Docudharma Times Sunday December 13




Sunday’s Headlines:

Interest Rates Are Low, but Banks Balk at Refinancing

20 Years Of The Simpsons

Terrorist recruiters leverage the Web

Lost dream restored to Japanese American family

China puts Charter 08 founder Liu Xiaobo on path to 15 years in prison

Insurgent infiltrators terrorise Kabul’s ruling class

Fancy a pissoir? Relics of Paris streets – from urinals to the Eiffel Tower steps – go on sale

‘Ceausescu’s children’ still paying the price of disastrous social policies

Iran Avows Willingness to Swap Some Uranium

WMD not point of Iraq war, Tony Blair says

Mugabe re-elected Zanu-PF party leader for five more years

Mexico’s drug cartels siphon liquid gold

Interest Rates Are Low, but Banks Balk at Refinancing



By DAVID STREITFELD

Published: December 12, 2009


Mortgage rates in the United States have dropped to their lowest levels since the 1940s, thanks to a trillion-dollar intervention by the federal government. Yet the banks that once handed out home loans freely are imposing such stringent requirements that many homeowners who might want to refinance are effectively locked out.

The scarcity of credit not only hurts homeowners but also has broad economic repercussions at a time when consumer spending and employment are showing modest signs of improvement, hinting at a recovery after two years of recession.

20 Years Of The Simpsons

As the cartoon family turns 20, one of the show’s former writers, Patric Verrone, recalls how a series of 60-second shorts turned into a global phenomenon

Sunday, 13 December 2009

When the show started it was provocative and outrageous. The first President Bush said that he wanted to see families “more like the Waltons than the Simpsons”. When the show came on air, comedy was much softer and less self-referential. Every writer wants the opportunity to work on a show as well known as The Simpsons, but at the time we didn’t know how eternal it would be.

When the show started, the writers were guys in their early thirties who saw themselves as Bart and their fathers as Homer; now they are in their late forties and identify with Homer. That’s why we have more stories with Homer now.

USA

Terrorist recruiters leverage the Web

From YouTube to Pakistan: N.Va. men allegedly drafted to fight U.S. troops abroad

By Griff Witte, Jerry Markon and Shaiq Hussain

Washington Post Staff Writer

Sunday, December 13, 2009


Pakistani authorities on Saturday were searching for an insurgent figure believed to have aided five Northern Virginia men who allegedly tried to join al-Qaeda, saying the case could help unravel a growing network of terrorist recruiters who scour the Internet for radicalized young men.

Investigators have identified the man, known as Saifullah, as a recruiter for the Pakistani Taliban and said he contacted one of the American men on YouTube, exchanged coded e-mails with the group, invited them to Pakistan and guided them once they arrived.

Lost dream restored to Japanese American family

The honorary degree UC Berkeley posthumously bestowed on William Fujioka is a precious validation for his family. He left college behind and enlisted to fight in WWII after his family was interned.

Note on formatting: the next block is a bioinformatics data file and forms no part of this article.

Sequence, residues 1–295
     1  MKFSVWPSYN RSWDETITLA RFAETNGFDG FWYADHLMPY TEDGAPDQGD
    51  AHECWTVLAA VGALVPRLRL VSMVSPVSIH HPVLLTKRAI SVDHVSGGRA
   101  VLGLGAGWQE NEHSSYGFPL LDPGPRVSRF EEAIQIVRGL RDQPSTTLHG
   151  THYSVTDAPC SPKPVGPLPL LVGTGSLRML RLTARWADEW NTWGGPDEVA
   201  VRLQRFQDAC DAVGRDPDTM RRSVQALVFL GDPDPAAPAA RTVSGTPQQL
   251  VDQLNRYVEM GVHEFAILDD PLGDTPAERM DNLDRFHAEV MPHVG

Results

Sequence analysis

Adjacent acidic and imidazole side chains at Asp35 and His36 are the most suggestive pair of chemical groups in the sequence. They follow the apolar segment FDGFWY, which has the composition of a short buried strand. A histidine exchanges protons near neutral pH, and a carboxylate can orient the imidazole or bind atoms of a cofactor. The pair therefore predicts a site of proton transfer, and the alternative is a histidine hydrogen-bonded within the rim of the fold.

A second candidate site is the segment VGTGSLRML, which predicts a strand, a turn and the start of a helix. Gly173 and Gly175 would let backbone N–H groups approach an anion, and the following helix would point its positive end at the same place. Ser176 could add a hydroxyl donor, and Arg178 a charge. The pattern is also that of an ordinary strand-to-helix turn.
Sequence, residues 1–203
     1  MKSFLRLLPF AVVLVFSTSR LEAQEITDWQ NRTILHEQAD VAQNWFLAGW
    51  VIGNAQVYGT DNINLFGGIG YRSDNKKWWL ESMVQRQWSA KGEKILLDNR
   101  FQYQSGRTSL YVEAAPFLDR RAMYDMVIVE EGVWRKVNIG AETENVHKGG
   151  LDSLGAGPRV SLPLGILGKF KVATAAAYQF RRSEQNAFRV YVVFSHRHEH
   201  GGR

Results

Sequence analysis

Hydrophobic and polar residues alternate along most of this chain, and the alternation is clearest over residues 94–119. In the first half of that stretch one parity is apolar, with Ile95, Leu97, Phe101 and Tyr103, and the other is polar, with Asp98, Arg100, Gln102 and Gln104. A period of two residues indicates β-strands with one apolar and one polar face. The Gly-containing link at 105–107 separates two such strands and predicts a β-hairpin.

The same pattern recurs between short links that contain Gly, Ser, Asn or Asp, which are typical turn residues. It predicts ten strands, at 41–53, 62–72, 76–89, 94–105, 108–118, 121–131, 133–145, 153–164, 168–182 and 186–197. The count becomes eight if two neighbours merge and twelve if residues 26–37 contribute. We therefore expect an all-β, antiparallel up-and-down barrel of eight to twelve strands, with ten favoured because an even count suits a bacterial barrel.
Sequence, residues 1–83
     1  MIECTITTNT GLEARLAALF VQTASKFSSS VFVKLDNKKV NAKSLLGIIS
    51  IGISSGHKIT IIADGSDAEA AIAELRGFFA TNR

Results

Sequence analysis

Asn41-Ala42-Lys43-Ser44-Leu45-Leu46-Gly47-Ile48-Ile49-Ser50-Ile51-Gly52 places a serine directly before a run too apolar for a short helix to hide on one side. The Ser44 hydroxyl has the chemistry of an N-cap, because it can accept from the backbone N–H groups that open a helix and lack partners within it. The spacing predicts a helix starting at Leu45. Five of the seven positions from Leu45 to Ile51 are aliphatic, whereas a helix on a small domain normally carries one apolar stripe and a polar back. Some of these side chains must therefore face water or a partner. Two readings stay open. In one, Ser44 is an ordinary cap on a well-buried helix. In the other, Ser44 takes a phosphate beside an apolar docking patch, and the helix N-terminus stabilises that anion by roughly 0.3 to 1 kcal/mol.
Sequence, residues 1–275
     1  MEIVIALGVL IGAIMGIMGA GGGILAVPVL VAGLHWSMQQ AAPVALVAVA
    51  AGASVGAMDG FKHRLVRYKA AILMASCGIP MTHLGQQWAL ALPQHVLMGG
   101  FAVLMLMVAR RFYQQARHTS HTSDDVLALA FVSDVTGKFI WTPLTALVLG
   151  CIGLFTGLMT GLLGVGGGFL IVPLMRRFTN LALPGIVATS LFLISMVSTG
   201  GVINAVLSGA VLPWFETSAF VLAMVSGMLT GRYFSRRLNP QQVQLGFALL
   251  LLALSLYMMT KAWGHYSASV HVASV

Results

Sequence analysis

By Teresa Watanabe

December 13, 2009


For a time, the Fujiokas of Los Angeles lived a life of almost unimaginable abundance for a Japanese immigrant family in the early 20th century. There were white mink stoles and a Steinway grand piano, beachfront property and vacations to Catalina, even enough money to sponsor an Indianapolis 500 racer.

Then came Japan’s attack on Pearl Harbor and suddenly, the family lost nearly everything.

Asia

China puts Charter 08 founder Liu Xiaobo on path to 15 years in prison

Liu Xiaobo to face trial for inciting subversion as international protest fails to sway Beijing regime

Tania Branigan in Beijing

The Observer, Sunday 13 December 2009


One of China’s leading dissidents has been charged with “inciting subversion”, and faces a possible 15-year jail sentence, amid growing international outrage over his detention and forthcoming trial.

Liu Xiaobo was one of 300 democratic activists in China to author a bold call for constitutional reform last December. The manifesto was published under the name Charter 08, and called for greater freedom of expression, multi-party elections and independent courts. Seen as a figurehead for the movement, Liu was taken into detention shortly before the document was published online. Then, in June, he was formally arrested on suspicion of incitement to subvert state power.

 Insurgent infiltrators terrorise Kabul’s ruling class

From The Sunday Times

December 13, 2009


Miles Amoore in Kabul

TALIBAN insurgents who have infiltrated Kabul are nailing “night letters” to the doors of policemen, soldiers and government workers, warning them to leave their jobs or face punishment.

The militants are being welcomed in the Afghan capital’s poorer areas among inhabitants who are disaffected with corruption, and who supply them with food, cash and weapons.

Safe houses and bomb-making workshops have begun to appear in run-down districts close to the city centre as the militants increase their presence and plot attacks on prominent local targets.

Europe

Fancy a pissoir? Relics of Paris streets – from urinals to the Eiffel Tower steps – go on sale

An auction of historical oddities has prompted a flood of nostalgia among Parisians and foreigners alike. John Lichfield reports